Construction worker: I was in space when the Ukrainian war broke out. That was very, very sad. A very bitter moment for us. A few years ago, the ISS astronauts received the Westphalian Grand Peace Prize for their contribution to international understanding, which is awarded in memory of the end of the Thirty Years' War. The ISS began as a peace project.

Which way?

Construction worker: At the end of the Cold War, the Americans had plans to build their own space station. The Russians had the Mir station at the time and wanted to build a successor. They said: The Iron Curtain has fallen, the Soviet Union no longer exists, let's do this together, let's get closer and stabilize peace in Europe. This worked brilliantly for years.

The value of this space program in stabilizing the political situation in Europe cannot be underestimated. Therefore, the fact that another war broke out on Earth was doubly bitter. Astronauts always wanted to be role models. We prove this: if you on Earth worked together as well as we do in space, we would have many more resources and significant progress in the fight against all the challenges facing our planet, especially climate change.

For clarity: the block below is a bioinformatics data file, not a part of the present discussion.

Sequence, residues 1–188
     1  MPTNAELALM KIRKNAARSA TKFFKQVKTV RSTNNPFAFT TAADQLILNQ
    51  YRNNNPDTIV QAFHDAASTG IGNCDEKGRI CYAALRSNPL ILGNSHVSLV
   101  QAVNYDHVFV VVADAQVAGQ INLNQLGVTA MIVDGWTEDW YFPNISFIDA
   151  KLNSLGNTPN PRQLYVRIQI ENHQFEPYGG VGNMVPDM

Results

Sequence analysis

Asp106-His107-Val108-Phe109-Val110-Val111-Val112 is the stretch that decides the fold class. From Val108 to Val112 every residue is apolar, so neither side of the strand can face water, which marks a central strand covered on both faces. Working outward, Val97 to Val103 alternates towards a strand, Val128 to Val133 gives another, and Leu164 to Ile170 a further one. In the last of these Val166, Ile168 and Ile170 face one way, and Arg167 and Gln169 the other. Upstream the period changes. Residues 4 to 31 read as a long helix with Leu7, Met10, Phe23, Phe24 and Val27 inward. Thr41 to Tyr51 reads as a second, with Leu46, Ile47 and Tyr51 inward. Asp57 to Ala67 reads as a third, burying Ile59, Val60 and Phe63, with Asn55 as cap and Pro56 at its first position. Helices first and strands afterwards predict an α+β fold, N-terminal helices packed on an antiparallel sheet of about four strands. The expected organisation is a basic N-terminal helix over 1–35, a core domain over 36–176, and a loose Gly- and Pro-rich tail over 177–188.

And the situation on the ISS? Astronauts suddenly on different sides of the war?

Construction worker: On the space station we are people who know that we can only work together and keep everything running if we trust each other. That is why we addressed the situation immediately after the start of the war in Ukraine. The cosmonauts and my American colleagues felt the same as me. War is not a solution. It was very comforting to see that we were all on the same level. That is why the collaboration continued in an excellent way. The relationship of trust was there, even today. I think that when the war in Ukraine is over, we will need conversation channels again. One is the space program.